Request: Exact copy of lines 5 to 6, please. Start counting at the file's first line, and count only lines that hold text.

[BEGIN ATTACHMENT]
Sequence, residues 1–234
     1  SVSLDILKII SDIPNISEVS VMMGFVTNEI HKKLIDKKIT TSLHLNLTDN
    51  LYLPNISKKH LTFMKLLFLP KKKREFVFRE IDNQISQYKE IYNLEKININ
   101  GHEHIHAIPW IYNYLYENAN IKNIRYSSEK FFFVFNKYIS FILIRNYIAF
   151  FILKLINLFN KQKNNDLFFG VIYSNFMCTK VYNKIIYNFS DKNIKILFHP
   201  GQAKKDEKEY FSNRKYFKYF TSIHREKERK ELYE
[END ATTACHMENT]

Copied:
   151  FILKLINLFN KQKNNDLFFG VIYSNFMCTK VYNKIIYNFS DKNIKILFHP
   201  GQAKKDEKEY FSNRKYFKYF TSIHREKERK ELYE